Massachusetts Daily Collegian

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A free and responsible press serving the UMass community since 1890

Massachusetts Daily Collegian

A free and responsible press serving the UMass community since 1890

Massachusetts Daily Collegian

UMass students protest Hampshire Dining Commons celebration

Several campus organizations were involved in the protest
(Alvin Buyinza/Daily Collegian)

Roughly 25 students from five major campus organizations gathered outside Hampshire Dining Commons at 6 p.m. to protest the rising fees of meal plans at the University of Massachusetts on Sept. 12. Strategically, the protest also took place during UMass Dining’s celebration of its third consecutive “Best Campus Food” ranking by the Princeton Review.

Last semester, the Center for Education Policy and Advocacy protested the rise in meal plan fees from UMass Auxiliary Services. The meal plan fees were ultimately increased, resulting in a 2.98 percent increase to the “unlimited” meal plan, bringing it from $2,978 to its current $3,067.

“We really just want to be here to say that it’s not okay,” said Lou Purington, organizer of the protest, “It’s not okay that they continue to raise fees, that they are cutting back services, that they continuously just disregard the needs of the students.”

This semester, students representing CEPA, the Food Access Coalition, the Graduate Employee Organization, the Resident Assistant and Peer Mentor Union, the Food Recovery Network and general supporters stood outside the steps of Hampshire holding signs which read, “YOU CAN’T CELEBRATE IF WE CAN’T EAT” and “1/4 STUDENTS SKIP MEALS BECAUSE THEY CAN’T PAY,” while students walked by the dining commons.

According to Plum Harris, one of the student organizers, the rise of meal plans has personally affected them.

“I could hardly come to school this semester and I had a conversation with the financial advisor, and they told me to reduce my meal plan to the basic one where you only get two meal swipes a day – so not even enough for you to have three meals a day on campus – because they said it would reduce my meal plan by $400,” they said. “I had to spend my own personal money so I could have an extra f*****g meal swipe.”

After a while of protesting outside, one of the student organizers, Jon Blum, reorganized the group to go inside Hampshire where they planned to silently protest the UMass Dining celebration.

The celebration began with a performance by the UMass marching band; the sounds of loud drums and trumpets quickly drew a crowd of students and dining workers. Following the performance were several short speeches by Steve Goodwin, Deputy Chancellor and Chief Planning Officer, Ken Toong, Executive Director of Auxiliary Enterprises at UMass and Robert Franek, Editor-in-Chief of the Princeton Review who all spoke about the merits of UMass dining.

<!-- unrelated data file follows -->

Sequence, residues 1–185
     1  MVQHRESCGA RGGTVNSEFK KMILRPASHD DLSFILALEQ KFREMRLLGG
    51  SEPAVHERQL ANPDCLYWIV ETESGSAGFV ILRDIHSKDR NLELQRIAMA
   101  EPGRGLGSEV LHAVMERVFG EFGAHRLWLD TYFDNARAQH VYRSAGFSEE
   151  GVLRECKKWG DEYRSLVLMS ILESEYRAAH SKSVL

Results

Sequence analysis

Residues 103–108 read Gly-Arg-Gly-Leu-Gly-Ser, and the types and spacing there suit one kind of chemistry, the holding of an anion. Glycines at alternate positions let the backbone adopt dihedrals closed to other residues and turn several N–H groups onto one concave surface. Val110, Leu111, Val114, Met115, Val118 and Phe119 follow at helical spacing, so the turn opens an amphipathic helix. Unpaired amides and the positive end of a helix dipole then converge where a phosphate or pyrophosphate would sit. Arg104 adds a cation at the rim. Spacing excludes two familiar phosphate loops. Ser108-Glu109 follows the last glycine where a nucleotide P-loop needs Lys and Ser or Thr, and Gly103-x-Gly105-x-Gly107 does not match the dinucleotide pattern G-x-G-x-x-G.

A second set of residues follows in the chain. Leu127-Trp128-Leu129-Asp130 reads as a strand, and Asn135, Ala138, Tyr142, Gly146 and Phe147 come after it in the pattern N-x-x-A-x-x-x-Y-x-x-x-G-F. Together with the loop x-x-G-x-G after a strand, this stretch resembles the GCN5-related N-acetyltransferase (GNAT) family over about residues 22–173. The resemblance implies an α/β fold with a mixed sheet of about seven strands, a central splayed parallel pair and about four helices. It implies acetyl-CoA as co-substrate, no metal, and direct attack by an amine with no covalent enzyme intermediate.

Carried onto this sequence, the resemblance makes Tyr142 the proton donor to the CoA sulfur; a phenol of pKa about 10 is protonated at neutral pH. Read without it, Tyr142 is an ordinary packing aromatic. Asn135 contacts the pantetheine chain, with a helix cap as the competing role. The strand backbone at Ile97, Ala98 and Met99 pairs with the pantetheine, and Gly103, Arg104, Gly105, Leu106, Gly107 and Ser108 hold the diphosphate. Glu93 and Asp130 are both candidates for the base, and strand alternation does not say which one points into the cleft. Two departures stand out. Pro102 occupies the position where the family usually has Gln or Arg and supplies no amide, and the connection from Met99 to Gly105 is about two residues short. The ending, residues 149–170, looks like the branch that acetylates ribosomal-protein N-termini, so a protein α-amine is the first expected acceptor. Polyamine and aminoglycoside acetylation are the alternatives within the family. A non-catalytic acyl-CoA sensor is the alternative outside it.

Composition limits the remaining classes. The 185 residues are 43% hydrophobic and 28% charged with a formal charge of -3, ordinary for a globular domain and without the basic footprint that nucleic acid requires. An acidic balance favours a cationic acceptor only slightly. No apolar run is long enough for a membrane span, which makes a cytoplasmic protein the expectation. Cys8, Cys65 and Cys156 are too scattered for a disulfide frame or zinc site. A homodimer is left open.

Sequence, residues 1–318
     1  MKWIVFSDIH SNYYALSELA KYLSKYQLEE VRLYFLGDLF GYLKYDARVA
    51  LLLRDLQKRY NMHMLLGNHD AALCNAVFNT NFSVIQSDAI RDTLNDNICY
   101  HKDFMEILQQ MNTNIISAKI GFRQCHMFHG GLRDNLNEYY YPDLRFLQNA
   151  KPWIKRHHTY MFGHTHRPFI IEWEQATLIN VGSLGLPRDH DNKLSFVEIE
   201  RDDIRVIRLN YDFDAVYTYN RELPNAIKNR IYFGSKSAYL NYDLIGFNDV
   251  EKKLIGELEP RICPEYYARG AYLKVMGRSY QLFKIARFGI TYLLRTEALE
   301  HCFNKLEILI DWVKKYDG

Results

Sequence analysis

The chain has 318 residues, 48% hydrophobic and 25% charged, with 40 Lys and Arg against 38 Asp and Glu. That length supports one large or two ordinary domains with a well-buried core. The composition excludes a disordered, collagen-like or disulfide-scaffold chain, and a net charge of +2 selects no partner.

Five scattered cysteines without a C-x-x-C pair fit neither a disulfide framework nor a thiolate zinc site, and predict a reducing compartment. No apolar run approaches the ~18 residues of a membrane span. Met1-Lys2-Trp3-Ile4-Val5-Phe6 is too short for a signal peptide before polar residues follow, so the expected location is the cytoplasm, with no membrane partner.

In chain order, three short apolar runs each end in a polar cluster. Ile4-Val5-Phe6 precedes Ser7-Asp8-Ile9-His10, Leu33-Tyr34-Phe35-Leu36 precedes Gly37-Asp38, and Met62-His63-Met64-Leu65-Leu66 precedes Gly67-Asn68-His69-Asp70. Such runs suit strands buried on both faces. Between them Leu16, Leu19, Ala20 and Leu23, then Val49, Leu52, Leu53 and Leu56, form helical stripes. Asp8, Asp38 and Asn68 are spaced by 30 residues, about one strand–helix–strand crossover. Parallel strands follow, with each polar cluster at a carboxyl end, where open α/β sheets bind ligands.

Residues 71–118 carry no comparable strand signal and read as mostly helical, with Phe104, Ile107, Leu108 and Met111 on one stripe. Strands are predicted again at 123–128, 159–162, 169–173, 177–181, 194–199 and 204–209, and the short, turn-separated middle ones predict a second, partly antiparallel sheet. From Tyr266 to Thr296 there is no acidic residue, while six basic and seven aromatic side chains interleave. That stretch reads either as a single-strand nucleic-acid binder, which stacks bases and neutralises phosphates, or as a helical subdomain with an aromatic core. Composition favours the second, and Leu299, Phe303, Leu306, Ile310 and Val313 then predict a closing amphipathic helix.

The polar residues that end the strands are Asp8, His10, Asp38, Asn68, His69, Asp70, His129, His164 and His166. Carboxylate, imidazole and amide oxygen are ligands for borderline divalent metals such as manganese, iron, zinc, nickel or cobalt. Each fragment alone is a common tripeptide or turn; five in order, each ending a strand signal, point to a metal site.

While delivering their individual speeches, protesters strongly held up their signs amongst the crowd to draw attention to the cause. However, the effort drew no effect.

Once the speeches were over, the protesters met with Goodwin in the back of the dining commons to express their concerns over the rising cost of meal plans.

One of the protesters, Mitchell Manning, a graduate student in labor studies, spoke on the irony of the University attempting to progress itself.

“There is a larger issue of the University trying to rise to the top 20. It’s trying to get in all different departments to be, you know, really stellar – ‘UMass dining is excellent’ and ‘UMass dining is amazing’— and it’s something a lot of people talk about. But we need to think about who can’t access it and who we leave behind when we try to skyrocket to number one or number 20.”

In response, Goodwin asked the protesters if they had any viable solutions to prevent the increase of meal plan fees at the school.

One of the solutions the protesters expressed was to cut back on the cost of “luxury” meals UMass offers, specifically the dogfish meal which was served that day and the lobster dinner served on Halloween.

“If you put that money into meal plans, more students could actually eat food instead of starving,” said Purington.

However, one of the biggest points made during the impromptu meeting was by Blum, who said the problem of unaffordable meals plans lies within the lack of state funding and not the University. Blum stated that since 2000, state funding toward universities has declined, engendering higher fees.

Goodwin agreed as well, saying, “There is a lot of conversation going on in the administration about these issues about things like food insecurity but also the overall costs. We realize when the students think about going to the University, they have to pay all of those costs.”

Goodwin also stated that he believed that there will be more conversations on the issue of rising costs at UMass and food insecurity.

Alvin Buyinza can be reached at [email protected] and followed on Twitter @abuyinza_news.


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  • A

    amySep 14, 2018 at 12:05 am

    The answer is..socialism!

  • E

    Ed Cutting, EdDSep 13, 2018 at 2:39 pm

    UMass hasn’t cared about costs in 30 years, if ever — it is either demand more from the state and/or charge the students more. And that needs to be addressed.

    The amount of money that is wasted is obscene.

  • S

    Stephanie HigginsSep 13, 2018 at 12:49 am

    “However, the effort drew no effect.” Was the meeting with Goodwin not a direct effect of protesters’ presence? This feels incongruous.